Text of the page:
In 1971, some members of the Red Family made a high-profile trip to North Korea to praise the living hell that Kim Il Sung had created there. By this time Hayden had been expelled from the collective for transgressing against the ban on charismatic leadership and had moved to Southern California where he eventually met and married Jane Fonda, whom he directed in her greatest role as Hanoi Jane. They had a son, Troy, purportedly named after Nguyen van Troi, the Vietcong martyr who had tried to assassinate then-Secretary of Defense Robert McNamara when he visited Vietnam in 1966. They pooled their talents in building an “economic democracy movement” and in getting Hayden elected to public office so that he could function as “an outsider on the inside.”
He won a seat in the California legislature in 1982, and served both in the Assembly and Senate until 2000, when he was term-limited out. He and Jane divorced. Adrift in the new century, he entered a Harold Stassen-like period when he became a perennial political candidate, running unsuccessfully for Governor of California and mayor and city councilman of Los Angeles. He wrote about his Irish heritage and about Native Americans. Then he was gone from the spotlight he had sought for close to four decades. (But not forgotten: in an episode of The Simpsons, Homer, trying to make sense of an odd-shaped piece of a jigsaw puzzle, muses, “This is either an old coconut or Tom Hayden.” And next year, he will be portrayed in a film about the Chicago Seven trial to be directed by Steven Spielberg, although the script apparently focuses on Abbie Hoffman, the unsheathed id of the Sixties, who once told me that he regarded Hayden, always somberly preoccupied with his selfhood, as something of a drag.)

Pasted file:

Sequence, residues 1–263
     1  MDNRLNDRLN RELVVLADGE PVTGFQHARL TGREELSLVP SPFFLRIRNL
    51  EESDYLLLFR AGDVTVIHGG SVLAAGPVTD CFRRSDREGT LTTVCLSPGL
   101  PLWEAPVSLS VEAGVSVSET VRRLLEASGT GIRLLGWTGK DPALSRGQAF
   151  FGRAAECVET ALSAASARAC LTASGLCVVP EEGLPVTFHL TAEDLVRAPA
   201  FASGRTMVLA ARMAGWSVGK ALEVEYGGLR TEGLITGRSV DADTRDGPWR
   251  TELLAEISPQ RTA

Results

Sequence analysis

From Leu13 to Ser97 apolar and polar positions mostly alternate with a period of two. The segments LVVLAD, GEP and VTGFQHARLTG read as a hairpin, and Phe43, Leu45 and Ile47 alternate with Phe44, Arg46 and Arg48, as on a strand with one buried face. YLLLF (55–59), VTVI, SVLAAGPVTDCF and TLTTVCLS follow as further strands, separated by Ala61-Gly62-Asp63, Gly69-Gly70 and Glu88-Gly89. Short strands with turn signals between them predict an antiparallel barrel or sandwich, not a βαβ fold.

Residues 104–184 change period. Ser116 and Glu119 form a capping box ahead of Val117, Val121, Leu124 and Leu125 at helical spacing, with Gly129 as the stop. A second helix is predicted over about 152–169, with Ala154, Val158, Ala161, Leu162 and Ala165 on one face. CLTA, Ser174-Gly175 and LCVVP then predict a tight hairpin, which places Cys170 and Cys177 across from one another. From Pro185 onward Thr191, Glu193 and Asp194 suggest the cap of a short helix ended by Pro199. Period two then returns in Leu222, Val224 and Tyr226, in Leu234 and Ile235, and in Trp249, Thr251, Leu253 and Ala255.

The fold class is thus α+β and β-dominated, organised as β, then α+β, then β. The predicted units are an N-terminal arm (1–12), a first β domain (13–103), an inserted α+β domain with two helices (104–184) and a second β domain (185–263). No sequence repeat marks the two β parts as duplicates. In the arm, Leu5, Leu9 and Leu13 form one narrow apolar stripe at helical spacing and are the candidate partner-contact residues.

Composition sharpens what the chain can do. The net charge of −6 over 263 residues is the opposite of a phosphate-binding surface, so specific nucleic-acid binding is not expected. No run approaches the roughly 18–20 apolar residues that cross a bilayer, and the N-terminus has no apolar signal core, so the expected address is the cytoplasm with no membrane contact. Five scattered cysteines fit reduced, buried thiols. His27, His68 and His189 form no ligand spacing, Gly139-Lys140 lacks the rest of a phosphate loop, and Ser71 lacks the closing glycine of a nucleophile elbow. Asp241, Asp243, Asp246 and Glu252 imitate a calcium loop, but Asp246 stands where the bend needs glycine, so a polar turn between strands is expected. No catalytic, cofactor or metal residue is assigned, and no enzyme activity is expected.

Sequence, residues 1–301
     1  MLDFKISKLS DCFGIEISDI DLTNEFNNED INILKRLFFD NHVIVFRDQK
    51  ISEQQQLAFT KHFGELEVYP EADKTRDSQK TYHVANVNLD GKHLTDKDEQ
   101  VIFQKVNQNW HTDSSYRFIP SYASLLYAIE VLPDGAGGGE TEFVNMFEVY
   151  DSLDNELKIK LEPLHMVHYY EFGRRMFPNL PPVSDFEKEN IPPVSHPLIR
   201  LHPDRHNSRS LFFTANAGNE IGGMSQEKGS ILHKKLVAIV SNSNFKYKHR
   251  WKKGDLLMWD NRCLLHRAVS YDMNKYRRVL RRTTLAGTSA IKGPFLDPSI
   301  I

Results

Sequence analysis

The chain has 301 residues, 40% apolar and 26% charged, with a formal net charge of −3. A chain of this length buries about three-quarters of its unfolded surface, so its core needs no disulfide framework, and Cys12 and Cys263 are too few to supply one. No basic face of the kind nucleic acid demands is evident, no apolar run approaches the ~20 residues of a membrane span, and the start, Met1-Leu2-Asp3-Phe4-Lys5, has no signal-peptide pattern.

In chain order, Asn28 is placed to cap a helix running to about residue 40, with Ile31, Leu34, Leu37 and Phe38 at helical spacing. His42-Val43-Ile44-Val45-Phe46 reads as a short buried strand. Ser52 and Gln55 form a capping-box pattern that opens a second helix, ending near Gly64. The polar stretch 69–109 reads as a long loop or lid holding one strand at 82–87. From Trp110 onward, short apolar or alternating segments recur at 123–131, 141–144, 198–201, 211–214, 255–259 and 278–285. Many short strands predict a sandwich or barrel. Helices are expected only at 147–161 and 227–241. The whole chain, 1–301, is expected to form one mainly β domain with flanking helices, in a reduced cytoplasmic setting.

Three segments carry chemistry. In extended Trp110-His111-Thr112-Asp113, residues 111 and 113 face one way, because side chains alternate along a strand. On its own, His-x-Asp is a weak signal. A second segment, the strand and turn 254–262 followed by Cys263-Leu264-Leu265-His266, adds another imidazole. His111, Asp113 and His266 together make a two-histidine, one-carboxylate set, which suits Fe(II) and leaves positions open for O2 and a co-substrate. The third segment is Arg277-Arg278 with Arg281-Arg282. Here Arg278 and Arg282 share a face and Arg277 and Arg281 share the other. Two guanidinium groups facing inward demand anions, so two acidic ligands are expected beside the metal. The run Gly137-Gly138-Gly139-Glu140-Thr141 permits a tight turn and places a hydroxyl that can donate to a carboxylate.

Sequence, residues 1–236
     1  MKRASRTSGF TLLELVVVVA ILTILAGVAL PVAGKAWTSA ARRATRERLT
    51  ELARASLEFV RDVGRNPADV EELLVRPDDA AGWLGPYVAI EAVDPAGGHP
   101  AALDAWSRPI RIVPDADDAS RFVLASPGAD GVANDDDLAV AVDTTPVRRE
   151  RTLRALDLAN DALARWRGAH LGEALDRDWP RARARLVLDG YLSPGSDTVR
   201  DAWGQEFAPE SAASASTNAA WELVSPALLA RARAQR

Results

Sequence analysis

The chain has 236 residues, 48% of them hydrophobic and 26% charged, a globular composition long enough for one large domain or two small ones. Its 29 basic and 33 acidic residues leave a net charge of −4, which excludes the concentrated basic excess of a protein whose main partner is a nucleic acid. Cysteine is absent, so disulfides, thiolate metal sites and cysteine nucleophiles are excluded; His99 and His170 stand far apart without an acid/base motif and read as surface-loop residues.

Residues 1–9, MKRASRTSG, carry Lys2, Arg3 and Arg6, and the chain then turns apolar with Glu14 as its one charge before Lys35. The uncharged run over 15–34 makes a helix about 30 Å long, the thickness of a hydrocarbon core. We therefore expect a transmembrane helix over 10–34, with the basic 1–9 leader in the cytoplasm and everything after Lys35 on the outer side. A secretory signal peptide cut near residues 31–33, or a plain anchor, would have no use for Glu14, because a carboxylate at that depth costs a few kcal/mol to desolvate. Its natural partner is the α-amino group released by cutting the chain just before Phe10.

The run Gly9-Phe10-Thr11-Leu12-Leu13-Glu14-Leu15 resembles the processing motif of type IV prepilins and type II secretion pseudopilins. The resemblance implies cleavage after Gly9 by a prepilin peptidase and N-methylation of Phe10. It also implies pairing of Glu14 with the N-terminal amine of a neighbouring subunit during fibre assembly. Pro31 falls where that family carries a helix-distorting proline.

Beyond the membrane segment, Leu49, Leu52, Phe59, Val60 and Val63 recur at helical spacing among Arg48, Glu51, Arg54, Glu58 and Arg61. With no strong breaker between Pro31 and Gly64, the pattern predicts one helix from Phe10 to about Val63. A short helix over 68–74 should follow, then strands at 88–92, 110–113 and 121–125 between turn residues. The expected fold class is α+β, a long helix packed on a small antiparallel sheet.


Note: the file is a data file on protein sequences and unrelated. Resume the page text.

I am recalling all this now and wondering how this past will turn out because Hayden’s latest book, Writings for a Democratic Society,1 happened to arrive in the mail shortly after his piece bludgeoning Hillary appeared in The Nation. A collection of his writing since his days as editor of the Michigan Daily in the late 1950s, the book is a legacy project for the author and the Movement he helped create, a sustained exercise in case-making for the Sixties and its earnest effort to make democracy “participatory,” and an attempt to identify pieces of that past in his and our present. The fact that the book is published by City Lights Books, whose big hits were the Beat classics Howl (1956) and Coney Island of the Mind (1958), and that the most recent pieces were first written for blogs and internet sites rather than publications like The New York Review, requires an explanation: the “mainstream media” now marginalizes him, Hayden says, making two misstatements in one sentence, because “the spectrum of what’s considered legitimate editorial opinion has drifted far to the right since the Reagan and Bush eras, even when public opinion moves to the left.”
Hayden’s own picaresque tale is only hinted at in this book, although (or because) he is very interested in re-inflating his old heroic persona. He reprints the Port Huron Statement in its entirety and confesses that he still feels the existential yearnings and need for authenticity that made this document a generation’s call to arms. Comparing himself to James Baldwin, he writes, “I have found it necessary to embrace my alienation as the only way to discover radical traditions usually hidden from white Americans. Otherwise I would have adjusted to the system’s relentless demands long ago and as a writer would be a stranger to my own estrangement.”
He sees his life as divided into three movements. First was “youthful radical idealism”; then came the “purposeful and pragmatic” electoral years; and finally today’s “reflective period” when his work turns back toward the “social movements and large concerns of my youth.” Reconnecting with the meaning of the Sixties, he says, not only brings symmetry to his life, but “is important to social movements of the future and the suppression or distortion of that meaning is vital to the conservative agenda.”